Remember, the Lord’s provision can come in a variety of ways. For example, God might provide us with a person or a community to journey with us through the valley. Yes, God can use people (just as he used an angel for Elijah) to be HIS provision. As mentioned above, one of the mistakes Elijah made was isolating himself. It’s imperative for us to not try to battle in our own strength but to rely on others as part of God’s provision. This list can include a counselor, therapist, friend, family member, Pastor, church leader or life group (church group). I’d strongly recommend to reach out to someone you can trust, especially if you are having thoughts as Elijah had.

The truth is, the Lord cares not only about your destination, but the journey it takes to get there. If the ultimate destination is the mountaintop – the Lord’s Presence – then He is not going to forsake you for the sake of that goal. He cares about you too much to leave you in the valley!

Since Jesus cares about your journey, He’ll use the valley, the dry season, the prolonged wait, that specific difficulty to shape who you are meant to become – a more accurate representation of Christ. As sons and daughters, the Holy Spirit wants you to represent Jesus Christ in character (the fruit of the Spirit – Galatians 5:22-23), in words (as an ambassador – 2 Corinthians 5:20), and in attitude (For example, humility as mentioned in Philippians 2:5-11). Many times, these valleys are used as opportunities to position you for this necessary transformation that can only be done through the pain, the suffering, and the long-stretched valleys!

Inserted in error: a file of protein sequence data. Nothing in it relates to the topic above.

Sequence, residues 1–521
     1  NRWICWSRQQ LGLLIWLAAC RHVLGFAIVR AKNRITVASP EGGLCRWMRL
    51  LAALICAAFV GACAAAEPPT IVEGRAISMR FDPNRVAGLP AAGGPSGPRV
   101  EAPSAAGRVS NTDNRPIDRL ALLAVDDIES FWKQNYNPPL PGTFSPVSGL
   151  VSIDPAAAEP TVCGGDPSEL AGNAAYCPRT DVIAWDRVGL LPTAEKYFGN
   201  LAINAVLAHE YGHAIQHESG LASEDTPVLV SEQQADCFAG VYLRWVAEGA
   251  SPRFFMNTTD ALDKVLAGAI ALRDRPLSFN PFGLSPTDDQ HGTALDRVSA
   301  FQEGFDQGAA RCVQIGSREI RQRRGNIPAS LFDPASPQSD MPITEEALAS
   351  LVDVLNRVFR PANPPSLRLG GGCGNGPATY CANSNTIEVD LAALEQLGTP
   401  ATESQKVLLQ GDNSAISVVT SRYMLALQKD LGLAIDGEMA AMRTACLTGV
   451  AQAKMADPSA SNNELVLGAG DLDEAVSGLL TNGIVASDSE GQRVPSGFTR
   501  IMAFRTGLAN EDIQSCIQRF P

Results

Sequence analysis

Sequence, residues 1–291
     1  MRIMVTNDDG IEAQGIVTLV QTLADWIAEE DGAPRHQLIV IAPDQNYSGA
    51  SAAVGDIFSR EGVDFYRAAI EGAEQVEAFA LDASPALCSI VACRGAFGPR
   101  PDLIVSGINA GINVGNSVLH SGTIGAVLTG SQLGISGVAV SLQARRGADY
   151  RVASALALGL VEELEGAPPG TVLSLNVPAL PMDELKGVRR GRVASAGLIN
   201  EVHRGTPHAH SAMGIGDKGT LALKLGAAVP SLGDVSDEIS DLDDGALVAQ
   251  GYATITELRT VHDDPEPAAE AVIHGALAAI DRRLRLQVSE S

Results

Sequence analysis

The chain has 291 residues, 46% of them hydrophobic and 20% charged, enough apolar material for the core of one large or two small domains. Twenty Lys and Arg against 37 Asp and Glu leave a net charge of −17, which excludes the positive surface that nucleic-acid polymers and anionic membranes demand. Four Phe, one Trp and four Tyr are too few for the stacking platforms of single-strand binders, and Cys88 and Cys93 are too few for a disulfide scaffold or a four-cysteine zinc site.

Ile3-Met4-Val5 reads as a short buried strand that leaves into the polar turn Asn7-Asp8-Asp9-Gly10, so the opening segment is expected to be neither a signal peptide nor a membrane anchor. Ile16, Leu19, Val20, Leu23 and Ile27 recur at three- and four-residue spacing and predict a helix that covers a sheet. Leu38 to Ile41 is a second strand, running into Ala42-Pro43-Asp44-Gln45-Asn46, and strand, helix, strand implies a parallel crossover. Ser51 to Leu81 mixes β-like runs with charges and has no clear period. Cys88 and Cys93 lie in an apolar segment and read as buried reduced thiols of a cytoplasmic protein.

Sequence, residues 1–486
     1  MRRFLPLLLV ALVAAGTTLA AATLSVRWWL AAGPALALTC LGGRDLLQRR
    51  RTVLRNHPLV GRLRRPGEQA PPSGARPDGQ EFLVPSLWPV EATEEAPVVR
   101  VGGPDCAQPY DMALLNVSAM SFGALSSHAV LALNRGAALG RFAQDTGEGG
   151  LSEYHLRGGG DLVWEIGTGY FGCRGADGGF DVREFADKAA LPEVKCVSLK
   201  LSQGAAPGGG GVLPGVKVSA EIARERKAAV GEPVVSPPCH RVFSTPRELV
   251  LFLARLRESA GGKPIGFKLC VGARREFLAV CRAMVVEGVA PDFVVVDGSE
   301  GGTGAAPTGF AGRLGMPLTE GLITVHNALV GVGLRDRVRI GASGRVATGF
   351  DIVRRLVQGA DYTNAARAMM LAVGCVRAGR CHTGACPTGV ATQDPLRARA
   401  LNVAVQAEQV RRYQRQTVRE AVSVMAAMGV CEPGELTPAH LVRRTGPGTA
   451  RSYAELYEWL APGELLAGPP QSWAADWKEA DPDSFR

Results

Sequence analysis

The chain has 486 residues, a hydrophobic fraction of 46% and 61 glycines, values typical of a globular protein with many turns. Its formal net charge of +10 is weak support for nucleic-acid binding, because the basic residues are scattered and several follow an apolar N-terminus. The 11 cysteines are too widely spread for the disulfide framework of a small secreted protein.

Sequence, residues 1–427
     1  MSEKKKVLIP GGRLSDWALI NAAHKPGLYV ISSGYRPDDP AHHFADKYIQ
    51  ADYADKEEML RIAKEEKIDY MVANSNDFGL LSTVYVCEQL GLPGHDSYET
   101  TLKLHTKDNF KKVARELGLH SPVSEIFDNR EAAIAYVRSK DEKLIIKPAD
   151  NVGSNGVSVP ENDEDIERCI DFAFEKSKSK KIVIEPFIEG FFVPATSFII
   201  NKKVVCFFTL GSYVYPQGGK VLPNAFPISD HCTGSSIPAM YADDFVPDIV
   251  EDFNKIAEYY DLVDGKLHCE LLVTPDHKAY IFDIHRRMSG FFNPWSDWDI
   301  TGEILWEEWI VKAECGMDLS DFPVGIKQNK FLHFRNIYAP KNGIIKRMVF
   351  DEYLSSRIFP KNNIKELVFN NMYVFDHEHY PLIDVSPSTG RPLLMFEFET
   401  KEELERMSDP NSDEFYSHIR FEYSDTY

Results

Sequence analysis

Which leads us to the difficult question we should ask God while in the valley, “What are you trying to teach me in this season of life?” Is it…  

  • Provision – to lean on the Lord in lean times?
  • Patience – to have a heart that trusts in God & not trying to make it happen in your own way?
  • Purpose – preparation for the bigger picture God has for you? God has something greater in mind than what you can imagine.
  • Persistence – developing an unwavering faith? It could also be learning how to be consistent in what you know so you can be faithful with more.

I hope that you find time to focus on what was mentioned above. First, how are you currently reacting to ‘the valley’ in which you are walking? Second, what is the Lord trying to teach you as you walk through ‘the valley’? While the reaction and the lesson may not be connected with your particular destination, I do believe that the Holy Spirit wants to bring about transformation in your life before you reach it. It’s true! We are a work in progress, but that does not mean that He will leave us in the valley to figure it out on ourselves.

Next week, I’ll finish my thoughts on the valley in comparison to Elijah’s journey up the mountain.

Blessings!

3 Comments


  1. Hey, Nathan. This is John Quinn from Twitter.
    Incredibly, this article was put in my life like manna from heaven. I want to write a full account to you somehow.
    I am 69, retired divorced, 3 sons, 1 daughter. My daughter has been keeping my wonderful 3 grandkids from me. It started when I attempted to bring attention her and husbands drinking. Talk about a woman scorned!!! I don’t know anyone like her: viscous, vindictive, jealous, cold.
    Total opposite to my caretaking nature. I was a medic, and then 12 years Infantry, but never lost my true caretaking nature.
    John W Quinn
    Long Beach, Mississippi

    1. Author

      Hey John! I’m thrilled that you can across this post as perfect timing for you. God definitely has the best timing, doesn’t he?
      I’m so sorry that you have not been able to see your grandkids. In moments like these, it seems like the only thing available to do is to pray for her and her husband. Perhaps there is more to distance and the Lord can bring healing to that hurt. I’ll be praying for you, for them, and for an opportunity to arise so that you can see your grandkids. Thank you for sharing!